hyperkalemia and need further study for this indication [26].

Recommendation: Due to the potential harm and lack of efficacy, SPS should not be routinely included in the management of acute hyperkalemia.

    1. Myth #2: Lactated Ringer’s is contraindicated in hyperkalemia

Lactated Ringer’s solution (LR) is a pH-balanced crystalloid solution that contains 130-131 mEq/L of sodium, 109-110 mEq/L of chloride, 4-5 mEq/L of potassium, 28-29 mEq/L lactate, and 2-3 mEq/L of cal- cium. In contrast, 0.9% sodium chloride, or “normal saline” (NS), a pH- unbalanced crystalloid solution, contains 154 mEq/L of both sodium and chloride. It has never definitively been shown that LR causes or worsens hyperkalemia, yet it is often avoided in patients with hyperkalemia for the concern that there is a small amount of potassium contained in LR, whereas 0.9% sodium chloride contains none. Impor- tantly, two recent, large randomized control trials comparing pH- Balanced crystalloids against NS in non-critically ill and critically ill pa- tients showed no significant difference in serum potassium several days after admission [30,31]. Additionally, in hyperkalemic patients, the serum concentration of potassium is by definition higher than the potassium concentration of LR. Because the volume of distribution of potassium is greater than the extracellular fluid volume, the administra- tion of LR, which has a near-normal potassium concentration, will have almost no effect on serum potassium level [32].

Furthermore, there are metabolic reasons why LR may be a superior resuscitation fluid when compared to NS in some hyperkalemic pa- tients. Scheingraber, et al. demonstrated that NS administration is reli- ably associated with a Hyperchloremic metabolic acidosis in operative procedures of even moderate length [33]. More recent studies by O’Malley, et al. and Modi, et al. reproduced this finding in renal trans- plant patients, and showed that NS was associated with greater inci- dence of increased potassium concentration compared to LR [34,35]. Theoretically, increased extracellular chloride forces bicarbonate intra- cellularly to maintain ionic balance. This reduces available bicarbonate for buffering the blood, leading to non-Anion gap metabolic acidosis, which has been shown to exacerbate hyperkalemia [36]. It is also ac- cepted that metabolic acidosis causes shifting of potassium from the in- tracellular space to the extracellular space. Therefore, LR appears to have lower risk of causing a clinically significant shift of potassium into the serum from within the intracellular space.

Recently, Toporek, et al. conducted a secondary analysis of the Isotonic

Solutions and Major Adverse Renal Events Trial (SMART) to investigate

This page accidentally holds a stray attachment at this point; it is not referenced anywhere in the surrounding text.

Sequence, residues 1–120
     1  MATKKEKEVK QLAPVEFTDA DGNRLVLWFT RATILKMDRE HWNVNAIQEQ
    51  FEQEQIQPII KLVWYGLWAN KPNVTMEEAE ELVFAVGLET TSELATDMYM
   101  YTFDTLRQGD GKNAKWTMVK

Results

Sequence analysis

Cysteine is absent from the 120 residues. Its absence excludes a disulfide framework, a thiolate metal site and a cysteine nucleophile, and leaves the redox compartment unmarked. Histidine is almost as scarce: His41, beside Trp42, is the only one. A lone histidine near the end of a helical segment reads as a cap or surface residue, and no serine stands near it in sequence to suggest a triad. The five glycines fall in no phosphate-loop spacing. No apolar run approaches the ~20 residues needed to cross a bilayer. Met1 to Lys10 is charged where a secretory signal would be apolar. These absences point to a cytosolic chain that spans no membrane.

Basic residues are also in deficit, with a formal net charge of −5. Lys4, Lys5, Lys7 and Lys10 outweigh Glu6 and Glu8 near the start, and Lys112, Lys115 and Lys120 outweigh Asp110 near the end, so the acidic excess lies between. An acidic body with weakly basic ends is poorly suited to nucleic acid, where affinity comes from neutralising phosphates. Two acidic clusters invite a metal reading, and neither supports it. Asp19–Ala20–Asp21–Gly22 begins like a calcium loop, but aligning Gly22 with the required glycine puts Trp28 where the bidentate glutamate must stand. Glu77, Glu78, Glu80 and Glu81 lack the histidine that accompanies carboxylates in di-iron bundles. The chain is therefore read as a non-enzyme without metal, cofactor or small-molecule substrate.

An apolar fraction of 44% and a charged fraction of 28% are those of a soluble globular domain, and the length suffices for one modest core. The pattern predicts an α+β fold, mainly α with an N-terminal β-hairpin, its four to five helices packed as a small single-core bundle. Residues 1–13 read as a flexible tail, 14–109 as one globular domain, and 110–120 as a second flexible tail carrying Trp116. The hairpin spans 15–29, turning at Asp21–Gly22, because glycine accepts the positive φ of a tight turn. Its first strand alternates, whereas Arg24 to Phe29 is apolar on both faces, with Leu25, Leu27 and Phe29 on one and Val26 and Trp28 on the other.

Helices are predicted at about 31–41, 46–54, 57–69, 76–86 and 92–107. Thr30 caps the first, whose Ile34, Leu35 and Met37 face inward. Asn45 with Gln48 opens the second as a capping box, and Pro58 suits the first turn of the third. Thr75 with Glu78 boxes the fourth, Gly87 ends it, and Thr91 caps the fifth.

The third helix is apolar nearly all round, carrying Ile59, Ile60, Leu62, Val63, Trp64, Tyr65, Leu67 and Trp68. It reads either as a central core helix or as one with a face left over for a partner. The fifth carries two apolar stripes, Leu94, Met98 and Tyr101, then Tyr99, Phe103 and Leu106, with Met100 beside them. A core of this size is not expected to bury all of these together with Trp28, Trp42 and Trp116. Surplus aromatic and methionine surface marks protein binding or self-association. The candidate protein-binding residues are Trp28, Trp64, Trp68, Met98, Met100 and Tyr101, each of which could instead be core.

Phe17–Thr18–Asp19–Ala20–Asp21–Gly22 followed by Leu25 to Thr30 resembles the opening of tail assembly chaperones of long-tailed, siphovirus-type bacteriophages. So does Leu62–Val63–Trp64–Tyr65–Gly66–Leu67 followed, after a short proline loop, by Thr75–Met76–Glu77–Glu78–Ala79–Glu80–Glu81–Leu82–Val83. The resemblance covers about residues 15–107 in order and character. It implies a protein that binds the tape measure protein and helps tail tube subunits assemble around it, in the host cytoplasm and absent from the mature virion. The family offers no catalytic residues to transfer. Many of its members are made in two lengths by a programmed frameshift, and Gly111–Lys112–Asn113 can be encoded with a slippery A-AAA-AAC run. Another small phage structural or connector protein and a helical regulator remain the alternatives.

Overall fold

the effect of fluid composition on the incidence of hyperkalemia and Renal replacement therapy in critically ill patients. The analysis revealed that the use of balanced crystalloids was not associated with a significant increase in the incidence of Severe hyperkalemia compared with saline. In fact, the balanced crystalloid group had a significantly lower incidence of RRT among patients with hyperkalemia and among patients with acute kidney Injury compared to those who received NS. The authors concluded that the acid-base altering effect of NS are more disruptive to potassium balance than the small quantity of potassium found in balanced crystal- loids such as LR [37].

Recommendation: Lactated Ringer’s solution is safe and appropriate for use in patients with hyperkalemia.

    1. Hyperkalemia Myth #3: the EKG changes from hyperkalemia are predictable and reliable
      1. EKG Changes Associated With Hyperkalemia

Early studies of hyperkalemia in canine Experimental models showed a predictable progression in EKG changes with increasing po- tassium concentrations, however, in clinical practice, a wide range of ef- fects may be observed [38,39]. Appendix 1 provides a brief review of the pathophysiology of hyperkalemia. Classically, the first evidence of hyperkalemia on EKG is a peaked, narrow-based T-wave, which occurs when the serum potassium concentration is approximately 5.5 mEq/L. This is likely caused by an increase in cardiac myocyte excitability and a shortening of the repolarization phase of the action potential [40]. At a serum potassium of approximately 6.5 mEq/L, the further decrease in the resting membrane Potential causes a delay in the action potential, causing PR-segment prolongation, followed by QRS widening [41]. Bra- dycardia may occur as SA node automaticity is blunted. As the intraven- tricular conduction delay progresses, bundle-branch-block-like QRS morphologies may be seen. As potassium concentrations reach 8.0-9.0 mEq/L, the p-wave may be flattened or lost as the amplitude of the action potential further decreases [40]. At potassium concentra- tions greater than 10 mEq/L, SA node function is lost and a junctional rhythm occurs, with eventual progression to a sine wave-like morphol- ogy as the QRS and T- waves approach each other. This ultimately re- sults in ventricular fibrillation, Pulseless electrical activity , or asystole [40,42,43]. Other EKG abnormalities have been reported, in- cluding early PR and QT shortening, ST-segment elevation that may mimic myocardial infarction, and atrioventricular and fascicular con- duction blocks [41]. Fig. 1 provides illustrative examples of the changes in the EKG due to hyperkalemia.